Mr. MacArthur recapitulated. He said that the Egyptians had said the UK would be free to move the stuff where and when it likes, and that after evacuation starts, Egypt will be ready to start planning. The UK has a real public opinion problem of its own. Can the UK say that Egypt has agreed to the free movement of supplies in and out of the base? The Egyptians answered “yes”. Mr. MacArthur then inquired whether the UK could say that Egypt will be prepared after evacuation starts to undertake area defense planning with the UK. The Egyptian answer was that this would be very difficult for Egyptian public opinion which would see in this only a disguised form of the hated joint defense.

Mr. Byroade said that if Egypt has agreed not to stop orders, would Egypt be content to have copies of the orders sent from the UK to the base?

Nasir said that what the Egyptians want is to run the base with Egyptians as soon as Egyptians are in a position to take over. He hoped that this would be in a short period. Acceptance of this idea by the UK would give the UK the friendship of Egypt and the entire Arab world.

Major Salah Salim said that in the course of the negotiations they had asked whether the UK would be prepared to have Egyptian technicians run the base. The British had replied, “meaning forever”, they could have only British control over British stores so long as British stores remained in the base.

Mr. Byroade said that the British might want to send equipment and supplies to Iran. Egypt might not want this to happen. He asked how Egypt could assure “all of us” that the base would work as before until a defense set-up is ready.

Nasir replied, “What can we do except promise?”

The Secretary said that the Egyptian ideas were obscure on this point. He then read from the Egyptian draft terms of reference for the Base Committee (Embassy’s despatch No. 2367 dated May 7, 1953).2 He assumed that Egypt accepted the warehouse idea, but in the event Iran was invaded the goods would have to move. The stores in the base are not like in the vaults of a bank. The point is movement.

[Page 24]

Mr. Byroade inquired whether the Egyptians would have any objection to the British bringing in replacement stores.

Nasir replied that the British were free to maintain the present level of stores in the base, but if there was any increase in this level, the Egyptian Government would wish to be consulted.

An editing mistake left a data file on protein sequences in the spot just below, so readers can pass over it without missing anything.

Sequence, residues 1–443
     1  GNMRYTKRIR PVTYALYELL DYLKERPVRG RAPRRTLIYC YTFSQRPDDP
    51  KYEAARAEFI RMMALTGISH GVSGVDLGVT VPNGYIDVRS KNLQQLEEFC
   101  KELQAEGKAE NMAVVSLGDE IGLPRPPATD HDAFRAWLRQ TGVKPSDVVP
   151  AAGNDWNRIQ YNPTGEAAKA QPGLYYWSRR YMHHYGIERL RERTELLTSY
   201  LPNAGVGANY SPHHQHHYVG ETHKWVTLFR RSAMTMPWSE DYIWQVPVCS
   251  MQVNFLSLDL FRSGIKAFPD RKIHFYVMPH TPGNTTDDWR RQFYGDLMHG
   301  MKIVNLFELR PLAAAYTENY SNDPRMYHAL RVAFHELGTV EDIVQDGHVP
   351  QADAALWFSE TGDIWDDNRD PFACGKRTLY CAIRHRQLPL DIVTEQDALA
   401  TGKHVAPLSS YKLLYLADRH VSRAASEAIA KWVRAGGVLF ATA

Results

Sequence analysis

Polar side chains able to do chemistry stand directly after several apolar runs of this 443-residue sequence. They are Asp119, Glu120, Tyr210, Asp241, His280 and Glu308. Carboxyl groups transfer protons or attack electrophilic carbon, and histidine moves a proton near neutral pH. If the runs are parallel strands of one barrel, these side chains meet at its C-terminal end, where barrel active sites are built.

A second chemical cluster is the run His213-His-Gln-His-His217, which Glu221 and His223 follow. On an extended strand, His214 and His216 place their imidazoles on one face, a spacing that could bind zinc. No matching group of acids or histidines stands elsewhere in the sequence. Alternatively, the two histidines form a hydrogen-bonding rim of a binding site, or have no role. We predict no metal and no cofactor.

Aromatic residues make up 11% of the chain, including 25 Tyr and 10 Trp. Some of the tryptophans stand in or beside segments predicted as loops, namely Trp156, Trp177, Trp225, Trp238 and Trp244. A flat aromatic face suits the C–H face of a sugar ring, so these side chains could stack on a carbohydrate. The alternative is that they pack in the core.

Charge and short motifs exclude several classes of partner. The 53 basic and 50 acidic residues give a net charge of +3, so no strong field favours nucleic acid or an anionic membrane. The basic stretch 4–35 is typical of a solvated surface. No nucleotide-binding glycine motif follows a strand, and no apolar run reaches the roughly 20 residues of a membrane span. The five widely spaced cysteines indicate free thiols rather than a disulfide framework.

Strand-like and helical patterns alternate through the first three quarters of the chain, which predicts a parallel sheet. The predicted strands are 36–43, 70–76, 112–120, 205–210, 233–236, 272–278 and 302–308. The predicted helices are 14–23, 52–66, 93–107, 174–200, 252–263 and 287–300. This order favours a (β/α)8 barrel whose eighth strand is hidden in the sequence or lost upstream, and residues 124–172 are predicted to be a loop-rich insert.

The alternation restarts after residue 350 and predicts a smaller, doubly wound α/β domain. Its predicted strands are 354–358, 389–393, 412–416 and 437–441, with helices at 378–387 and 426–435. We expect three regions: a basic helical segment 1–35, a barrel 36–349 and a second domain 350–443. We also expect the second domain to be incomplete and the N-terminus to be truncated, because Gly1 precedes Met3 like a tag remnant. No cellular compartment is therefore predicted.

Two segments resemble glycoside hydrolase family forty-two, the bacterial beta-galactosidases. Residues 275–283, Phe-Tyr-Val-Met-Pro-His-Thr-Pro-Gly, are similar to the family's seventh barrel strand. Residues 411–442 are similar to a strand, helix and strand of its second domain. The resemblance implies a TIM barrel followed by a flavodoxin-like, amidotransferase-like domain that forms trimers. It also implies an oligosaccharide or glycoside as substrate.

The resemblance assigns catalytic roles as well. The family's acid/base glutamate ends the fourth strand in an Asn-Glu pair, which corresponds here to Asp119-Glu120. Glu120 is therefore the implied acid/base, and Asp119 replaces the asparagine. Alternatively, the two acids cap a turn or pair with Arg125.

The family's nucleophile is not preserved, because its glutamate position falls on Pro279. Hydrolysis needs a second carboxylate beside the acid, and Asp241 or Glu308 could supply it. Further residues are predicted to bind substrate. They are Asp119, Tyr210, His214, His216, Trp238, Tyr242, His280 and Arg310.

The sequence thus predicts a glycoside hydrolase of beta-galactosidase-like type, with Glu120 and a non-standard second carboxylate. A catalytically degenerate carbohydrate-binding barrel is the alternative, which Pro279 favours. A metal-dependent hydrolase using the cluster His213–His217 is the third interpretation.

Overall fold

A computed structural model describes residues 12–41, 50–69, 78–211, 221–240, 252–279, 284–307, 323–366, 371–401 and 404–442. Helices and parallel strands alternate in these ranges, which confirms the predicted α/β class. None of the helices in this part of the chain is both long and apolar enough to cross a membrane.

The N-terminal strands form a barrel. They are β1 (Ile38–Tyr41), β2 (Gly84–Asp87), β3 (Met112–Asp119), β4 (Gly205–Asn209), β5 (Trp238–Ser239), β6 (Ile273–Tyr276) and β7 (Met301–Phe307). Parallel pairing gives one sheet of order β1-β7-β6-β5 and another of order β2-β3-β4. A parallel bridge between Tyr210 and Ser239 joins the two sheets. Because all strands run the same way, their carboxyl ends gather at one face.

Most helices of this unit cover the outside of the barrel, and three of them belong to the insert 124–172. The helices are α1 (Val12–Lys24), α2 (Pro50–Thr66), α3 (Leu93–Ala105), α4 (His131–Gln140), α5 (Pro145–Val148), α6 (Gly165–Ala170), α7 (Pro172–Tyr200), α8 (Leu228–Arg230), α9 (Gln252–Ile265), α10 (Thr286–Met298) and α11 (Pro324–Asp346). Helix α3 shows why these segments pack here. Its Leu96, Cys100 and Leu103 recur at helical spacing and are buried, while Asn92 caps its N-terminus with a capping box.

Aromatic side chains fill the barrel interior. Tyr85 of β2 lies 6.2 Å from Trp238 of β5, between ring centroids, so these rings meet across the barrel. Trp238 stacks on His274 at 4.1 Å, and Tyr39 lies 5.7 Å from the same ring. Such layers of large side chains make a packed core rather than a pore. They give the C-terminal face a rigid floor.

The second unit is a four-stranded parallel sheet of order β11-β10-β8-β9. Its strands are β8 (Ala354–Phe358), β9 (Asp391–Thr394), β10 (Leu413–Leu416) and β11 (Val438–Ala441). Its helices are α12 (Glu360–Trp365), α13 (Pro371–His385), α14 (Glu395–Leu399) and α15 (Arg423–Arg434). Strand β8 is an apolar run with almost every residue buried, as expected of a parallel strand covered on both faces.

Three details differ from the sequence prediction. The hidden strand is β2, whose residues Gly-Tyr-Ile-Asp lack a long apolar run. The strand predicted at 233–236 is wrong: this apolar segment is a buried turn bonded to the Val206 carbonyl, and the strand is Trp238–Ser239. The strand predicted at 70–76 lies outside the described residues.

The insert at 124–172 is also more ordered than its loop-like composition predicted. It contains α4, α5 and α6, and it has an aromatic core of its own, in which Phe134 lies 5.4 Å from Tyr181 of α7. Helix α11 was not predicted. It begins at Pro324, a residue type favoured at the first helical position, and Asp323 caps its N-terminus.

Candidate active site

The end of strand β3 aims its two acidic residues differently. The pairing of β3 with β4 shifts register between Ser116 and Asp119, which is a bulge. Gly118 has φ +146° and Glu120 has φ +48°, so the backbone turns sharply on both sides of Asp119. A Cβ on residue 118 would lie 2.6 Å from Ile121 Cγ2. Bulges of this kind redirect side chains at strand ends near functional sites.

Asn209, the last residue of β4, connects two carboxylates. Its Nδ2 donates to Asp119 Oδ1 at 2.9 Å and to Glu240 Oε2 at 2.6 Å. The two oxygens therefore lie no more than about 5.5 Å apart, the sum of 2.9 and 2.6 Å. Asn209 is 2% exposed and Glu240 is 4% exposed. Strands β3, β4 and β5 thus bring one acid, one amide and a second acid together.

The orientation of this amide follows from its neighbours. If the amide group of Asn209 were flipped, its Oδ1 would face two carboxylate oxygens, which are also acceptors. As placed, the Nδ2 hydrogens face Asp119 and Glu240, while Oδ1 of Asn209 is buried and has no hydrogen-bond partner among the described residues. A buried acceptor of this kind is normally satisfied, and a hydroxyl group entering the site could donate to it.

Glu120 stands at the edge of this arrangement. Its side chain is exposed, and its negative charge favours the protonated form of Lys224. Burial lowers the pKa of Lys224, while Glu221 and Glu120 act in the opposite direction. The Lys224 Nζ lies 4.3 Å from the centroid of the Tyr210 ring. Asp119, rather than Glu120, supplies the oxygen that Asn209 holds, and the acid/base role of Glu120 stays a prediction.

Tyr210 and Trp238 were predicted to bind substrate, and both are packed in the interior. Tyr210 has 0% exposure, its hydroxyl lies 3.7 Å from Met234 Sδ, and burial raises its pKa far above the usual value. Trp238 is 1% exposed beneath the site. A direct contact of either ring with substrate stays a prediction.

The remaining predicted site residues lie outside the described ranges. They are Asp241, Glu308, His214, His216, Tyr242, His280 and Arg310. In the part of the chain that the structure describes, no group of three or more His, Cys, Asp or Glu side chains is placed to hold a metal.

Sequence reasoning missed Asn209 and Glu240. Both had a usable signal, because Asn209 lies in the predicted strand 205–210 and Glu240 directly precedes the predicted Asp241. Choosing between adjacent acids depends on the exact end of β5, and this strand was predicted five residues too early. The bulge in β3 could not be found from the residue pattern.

Byroade said that it seemed to him that there was sufficient area of agreement to make the problem between Egypt and the UK really one of finding words to express ideas.

The Secretary said he was very happy to have this talk.

Nasir said that he could assure the Secretary that Egypt wanted the base to be ready and workable.

Colonel Meade expressed the opinion that, “It all boils down to where the orders come from” and asked whether Nasir agreed.

Nasir replied that this was one point; the other point dealt with the duration of the presence of British technicians. Egypt must know the time limit “when all British will be gone”.

Colonel Meade said that as a military man he disagreed with this idea. He could not see how Egypt could object to British ordnance supervisors. In American bases abroad, Americans are always there. It was hard for him to see how the population could object to these people. Once the British forces had moved, the volatile emotion of the people might disappear.

(Note: Several discursive trends of thought appeared at this point and could not be recorded.)

Asked regarding the status of the British technicians, Salah Salim replied that they could be a team of assistants attached to the British Military Attaché in Cairo. Replying to a question by Colonel Meade, Salim said that Egypt had given full assurance that such a team could go down to visit the base at any time.

Nasir reiterated the point that Egypt did not want any British technicians in the base as soon as possible.

The Secretary asked, “How can we get the talks going again? The situation is dangerous.” Nasir replied, “By getting the British to agree to the Egyptian point of view.” Salah Salim said that he did not think the British would agree.

Nasir, in reply to a question, made it clear that as he viewed the channel of communication regarding the disposition of supplies in the base, it would run from the British War Office to the British Military Attaché, Cairo, and thence to the Egyptian War Office. He said the orders must not go directly to the base.

The Secretary said that he had found the talk interesting and helpful. He looked forward to seeing the same group at dinner at the Embassy that evening.

[Page 25]

Nasir agreed that they would talk that evening and remarked that Egypt is ready to put some teeth in the Arab League Collective Security Pact. He said, “We all want action.”

The meeting broke up.

  1. This conversation took place in the U.S. Embassy.
  2. Not printed.